NATO, Russia keeping communication channels open particularly important: NATO chief

Source: Xinhua| 2017-07-14 00:40:09|Editor: Mu Xuequan
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BRUSSELS, July 13 (Xinhua) -- Dialogue between NATO and Russia can be difficult, but it is essential amid raised tensions and it is particularly important to keep channels of communication open, NATO Secretary General Jens Stoltenberg told reporters Thursday following the NATO-Russia Council meeting.

"Allies and Russia may hold different views but we are committed to continuing our dialogue as part of our commitment to preserving peace and security," said the NATO chief.

Thursday's meeting was the second gathering of the NATO-Russia Council this year, covering issues like Ukraine and Afghanistan.

"At today's meeting, we had a frank and useful discussion," said Stoltenberg, admitting that NATO and Russia continue to have fundamental disagreements in the case of Ukraine.

NATO decided to freeze relations with Russia in April 2014 over the latter's incorporation of Crimea and its alleged role in the Ukrainian crisis.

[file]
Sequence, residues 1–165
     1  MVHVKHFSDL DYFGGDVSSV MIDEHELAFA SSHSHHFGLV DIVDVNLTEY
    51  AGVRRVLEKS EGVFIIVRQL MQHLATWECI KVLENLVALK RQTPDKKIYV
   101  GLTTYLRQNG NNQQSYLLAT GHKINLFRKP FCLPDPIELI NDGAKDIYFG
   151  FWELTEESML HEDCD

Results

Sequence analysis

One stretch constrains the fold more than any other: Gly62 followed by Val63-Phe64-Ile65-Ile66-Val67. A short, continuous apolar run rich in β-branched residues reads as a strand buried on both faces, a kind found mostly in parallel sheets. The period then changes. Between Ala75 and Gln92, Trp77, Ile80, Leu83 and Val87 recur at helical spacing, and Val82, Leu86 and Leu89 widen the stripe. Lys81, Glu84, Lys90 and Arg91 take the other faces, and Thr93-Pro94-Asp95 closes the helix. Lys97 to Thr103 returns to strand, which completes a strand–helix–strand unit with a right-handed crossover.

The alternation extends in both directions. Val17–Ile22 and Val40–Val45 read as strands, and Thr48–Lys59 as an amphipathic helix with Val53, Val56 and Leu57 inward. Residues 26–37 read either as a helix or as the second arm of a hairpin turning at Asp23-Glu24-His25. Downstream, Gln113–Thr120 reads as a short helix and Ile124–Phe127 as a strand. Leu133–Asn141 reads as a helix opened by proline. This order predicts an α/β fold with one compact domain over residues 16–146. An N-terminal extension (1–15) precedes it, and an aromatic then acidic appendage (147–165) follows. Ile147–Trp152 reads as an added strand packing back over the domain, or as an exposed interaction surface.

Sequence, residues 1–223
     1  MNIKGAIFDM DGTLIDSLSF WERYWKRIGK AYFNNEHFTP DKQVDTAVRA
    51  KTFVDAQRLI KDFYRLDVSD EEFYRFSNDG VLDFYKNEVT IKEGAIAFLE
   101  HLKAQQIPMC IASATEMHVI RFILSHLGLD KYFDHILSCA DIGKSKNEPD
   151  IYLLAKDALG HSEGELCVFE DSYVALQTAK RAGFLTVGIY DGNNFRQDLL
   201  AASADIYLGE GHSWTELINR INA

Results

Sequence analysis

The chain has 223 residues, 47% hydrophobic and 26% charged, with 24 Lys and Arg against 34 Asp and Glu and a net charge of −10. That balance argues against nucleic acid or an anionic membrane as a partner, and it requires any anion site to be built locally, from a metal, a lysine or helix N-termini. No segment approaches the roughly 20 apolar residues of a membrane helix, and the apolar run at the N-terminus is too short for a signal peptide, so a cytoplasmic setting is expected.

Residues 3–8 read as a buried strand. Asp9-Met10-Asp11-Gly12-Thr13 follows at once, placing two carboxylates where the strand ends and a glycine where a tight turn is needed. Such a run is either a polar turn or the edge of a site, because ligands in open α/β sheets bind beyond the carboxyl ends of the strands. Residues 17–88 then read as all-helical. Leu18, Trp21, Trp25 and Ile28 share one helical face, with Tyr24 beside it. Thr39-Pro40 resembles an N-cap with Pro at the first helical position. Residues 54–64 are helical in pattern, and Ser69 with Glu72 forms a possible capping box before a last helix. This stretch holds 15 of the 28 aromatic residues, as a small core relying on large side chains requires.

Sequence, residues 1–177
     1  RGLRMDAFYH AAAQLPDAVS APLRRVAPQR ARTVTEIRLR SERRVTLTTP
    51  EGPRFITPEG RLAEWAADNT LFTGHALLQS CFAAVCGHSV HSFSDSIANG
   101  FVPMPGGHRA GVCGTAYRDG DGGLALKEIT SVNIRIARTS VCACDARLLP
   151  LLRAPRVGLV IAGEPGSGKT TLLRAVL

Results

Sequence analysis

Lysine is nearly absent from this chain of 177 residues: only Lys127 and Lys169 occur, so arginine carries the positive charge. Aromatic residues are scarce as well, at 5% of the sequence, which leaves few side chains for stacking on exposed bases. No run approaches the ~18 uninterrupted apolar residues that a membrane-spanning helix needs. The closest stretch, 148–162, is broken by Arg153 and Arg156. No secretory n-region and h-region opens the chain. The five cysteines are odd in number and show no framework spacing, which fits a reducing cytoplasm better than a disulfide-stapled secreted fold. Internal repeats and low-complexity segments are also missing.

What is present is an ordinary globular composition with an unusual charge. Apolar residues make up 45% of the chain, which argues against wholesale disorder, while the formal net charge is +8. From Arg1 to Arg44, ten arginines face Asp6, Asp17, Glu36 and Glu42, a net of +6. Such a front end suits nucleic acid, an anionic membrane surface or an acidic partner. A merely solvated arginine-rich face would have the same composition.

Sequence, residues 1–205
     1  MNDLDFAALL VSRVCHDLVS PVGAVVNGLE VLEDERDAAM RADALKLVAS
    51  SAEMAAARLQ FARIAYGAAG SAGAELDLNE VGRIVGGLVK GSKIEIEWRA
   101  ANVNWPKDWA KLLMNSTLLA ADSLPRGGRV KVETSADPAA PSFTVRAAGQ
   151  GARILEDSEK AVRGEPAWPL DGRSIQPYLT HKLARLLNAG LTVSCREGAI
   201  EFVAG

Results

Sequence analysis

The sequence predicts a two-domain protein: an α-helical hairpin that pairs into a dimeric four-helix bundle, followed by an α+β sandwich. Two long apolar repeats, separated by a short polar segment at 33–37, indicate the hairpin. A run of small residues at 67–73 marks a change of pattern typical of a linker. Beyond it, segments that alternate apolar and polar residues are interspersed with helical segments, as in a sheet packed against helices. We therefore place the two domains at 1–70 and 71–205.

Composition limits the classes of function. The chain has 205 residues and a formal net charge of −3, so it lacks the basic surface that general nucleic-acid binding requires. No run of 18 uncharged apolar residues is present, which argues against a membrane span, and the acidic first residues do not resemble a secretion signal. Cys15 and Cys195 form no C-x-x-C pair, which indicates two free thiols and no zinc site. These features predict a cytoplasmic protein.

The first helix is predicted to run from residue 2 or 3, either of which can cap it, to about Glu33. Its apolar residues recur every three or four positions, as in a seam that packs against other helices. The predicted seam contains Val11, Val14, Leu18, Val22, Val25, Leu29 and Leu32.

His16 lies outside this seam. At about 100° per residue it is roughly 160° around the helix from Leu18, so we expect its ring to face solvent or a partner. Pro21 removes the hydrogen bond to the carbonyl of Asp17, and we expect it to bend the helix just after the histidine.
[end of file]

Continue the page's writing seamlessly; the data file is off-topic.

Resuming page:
Both sides said they have continued to keep channels for political dialogue open, and the NATO-Russia Council, in particular, has become an important platform for dialogue.

Stoltenberg told reporters that a stable Afghanistan is essential to regional security and NATO shares a common interest with Russia to support the national unity government and to work towards a free, safe and democratic Afghanistan.

Speaking about the transparency and risk reduction, Stoltenberg said the two sides exchanged advance briefings on upcoming exercises, including Russia's upcoming ZAPAD 2017 exercise and NATO's Exercise Trident Javelin 2017.

"Such exchanges are important elements of our continuing dialogue. They help to limit the risk of misunderstanding, miscalculation and unintended escalation," said the NATO chief.

Despite his optimism, NATO-Russia relations are at its "historical low." The Russian Foreign Ministry said in May via a statement that the relations are "in the deepest crisis since the end of the Cold War," calling on NATO to stop confrontation and seek better relations with Moscow.

Established in 2002, the NATO-Russia Council is conceived as a mechanism for consultation, consensus-building, cooperation, joint decision and action between NATO and Moscow.